- This event has passed.
The Lie of the Land
04/02/2011 - 19/03/2011
Alejandro Pintado, Jane Ward and Ambrosine Allen:
Artists exploring notions of landscape
4 February – 19 March
Private View: Friday 04 February 6 – 9pm
Late Night Opening: Friday 25 February 6 – 9pm in association with Last Fridays and the South London Art Map
Limited edition badges commissioned by the Tate and designed by artist Hew Locke will be given away to the first 30 people who visit the Gallery on the launch of Last Fridays and the South London Art Map.
There’s more than meets the eye in this exhibition of works comprising drawing, painting and collage at the ASC Gallery from 04 February to 19 March, Alejandro Pintado, Ambrosine Allen and Jane Ward work from past representations of landscape such as 18th & 19th century engravings and model village kitsch, each producing ‘mindscapes’, which bespeak an underlying Magic Realist bent.
Pintado focuses on the quintessentially English landscapes of Constable and Capability Brown. He starts by forming large, hazy charcoal landscapes on linen, which are interrupted by various configurations of diagrammatic markings with hints of day-glo colour. His approach appears to disassemble and remap the picture plane. At times, the image is peeled back revealing a conceptual scaffolding that alludes to the artificiality of portraying the natural.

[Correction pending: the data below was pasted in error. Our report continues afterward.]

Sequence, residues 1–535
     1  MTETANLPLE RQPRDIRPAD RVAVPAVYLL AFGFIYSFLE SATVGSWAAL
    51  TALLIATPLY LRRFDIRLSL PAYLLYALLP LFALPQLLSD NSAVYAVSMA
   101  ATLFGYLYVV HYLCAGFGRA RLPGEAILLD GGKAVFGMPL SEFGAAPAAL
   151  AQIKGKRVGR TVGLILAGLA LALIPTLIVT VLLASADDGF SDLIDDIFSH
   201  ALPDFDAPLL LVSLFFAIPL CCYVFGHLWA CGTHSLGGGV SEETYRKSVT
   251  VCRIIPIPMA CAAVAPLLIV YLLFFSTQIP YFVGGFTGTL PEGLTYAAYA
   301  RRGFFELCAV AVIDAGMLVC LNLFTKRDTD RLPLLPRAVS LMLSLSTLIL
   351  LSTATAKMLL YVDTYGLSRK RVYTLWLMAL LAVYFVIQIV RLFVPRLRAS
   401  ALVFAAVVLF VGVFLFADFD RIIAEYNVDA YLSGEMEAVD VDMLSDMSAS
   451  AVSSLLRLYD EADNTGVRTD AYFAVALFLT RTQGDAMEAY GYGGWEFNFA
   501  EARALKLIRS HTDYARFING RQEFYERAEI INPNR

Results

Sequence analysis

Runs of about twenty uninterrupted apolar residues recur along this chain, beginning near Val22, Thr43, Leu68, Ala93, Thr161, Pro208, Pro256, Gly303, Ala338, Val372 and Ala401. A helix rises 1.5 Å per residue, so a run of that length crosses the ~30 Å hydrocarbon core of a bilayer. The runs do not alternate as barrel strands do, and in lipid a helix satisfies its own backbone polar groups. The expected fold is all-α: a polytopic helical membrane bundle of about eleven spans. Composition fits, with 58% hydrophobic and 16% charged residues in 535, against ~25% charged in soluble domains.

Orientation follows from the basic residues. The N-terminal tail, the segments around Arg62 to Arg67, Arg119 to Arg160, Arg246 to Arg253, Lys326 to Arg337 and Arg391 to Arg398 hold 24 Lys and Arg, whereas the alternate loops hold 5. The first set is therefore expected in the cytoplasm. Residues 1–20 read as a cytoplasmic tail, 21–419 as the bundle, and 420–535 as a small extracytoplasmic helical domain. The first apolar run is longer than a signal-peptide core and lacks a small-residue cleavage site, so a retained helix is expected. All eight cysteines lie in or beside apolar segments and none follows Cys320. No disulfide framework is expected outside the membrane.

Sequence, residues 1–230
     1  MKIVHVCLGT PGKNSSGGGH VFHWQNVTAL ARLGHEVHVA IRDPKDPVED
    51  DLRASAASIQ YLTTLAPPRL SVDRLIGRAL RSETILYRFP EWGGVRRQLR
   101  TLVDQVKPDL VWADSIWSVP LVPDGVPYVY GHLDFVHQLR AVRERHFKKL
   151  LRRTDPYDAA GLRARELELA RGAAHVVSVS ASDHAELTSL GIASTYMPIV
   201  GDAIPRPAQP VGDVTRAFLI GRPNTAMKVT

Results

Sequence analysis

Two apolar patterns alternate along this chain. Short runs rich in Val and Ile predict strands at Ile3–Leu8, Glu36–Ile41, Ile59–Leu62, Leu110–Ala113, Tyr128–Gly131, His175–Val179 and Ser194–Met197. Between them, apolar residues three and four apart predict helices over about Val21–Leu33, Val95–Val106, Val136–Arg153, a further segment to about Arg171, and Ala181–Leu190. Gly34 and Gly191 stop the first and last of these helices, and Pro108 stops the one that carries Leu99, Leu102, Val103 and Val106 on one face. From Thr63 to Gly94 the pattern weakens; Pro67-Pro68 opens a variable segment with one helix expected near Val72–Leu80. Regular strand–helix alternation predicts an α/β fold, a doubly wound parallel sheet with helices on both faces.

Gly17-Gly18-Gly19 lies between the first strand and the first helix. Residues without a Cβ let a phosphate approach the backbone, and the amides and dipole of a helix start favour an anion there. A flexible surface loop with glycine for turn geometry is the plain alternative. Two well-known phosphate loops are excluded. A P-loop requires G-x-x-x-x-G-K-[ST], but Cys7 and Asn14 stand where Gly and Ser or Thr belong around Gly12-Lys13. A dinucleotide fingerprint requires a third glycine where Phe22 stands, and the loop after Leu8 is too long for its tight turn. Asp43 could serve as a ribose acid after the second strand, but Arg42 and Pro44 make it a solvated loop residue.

Ambrosine Allen’s view of the land is phantasmagorical. The eye roves restlessly across its impossible topographical undulations. Laboriously constructed by hand, using tiny collaged elements, her monochrome, antique worlds invite close scrutiny, impelling the viewer to attempt to decipher the space therein.
The digital collages of Jane Ward are concerned with global flux. Her fragmented, dreamlike panoramas play, godlike, with scale. She contrasts snippets of an idealised model village (including miniscule human figures deep within the image) with huge tracts of the ‘real’ world.
But do these imaginative landscapes allow us an ‘escape’? Do they allow us to rest, to ‘lie’ in the peace of the land, the wholeness of the image? Each artist dissects, analyses and plays with the image and idea of land replicating the way land itself has been enclosed and objectified, delicately broaching the subject of our own uncertain ecology.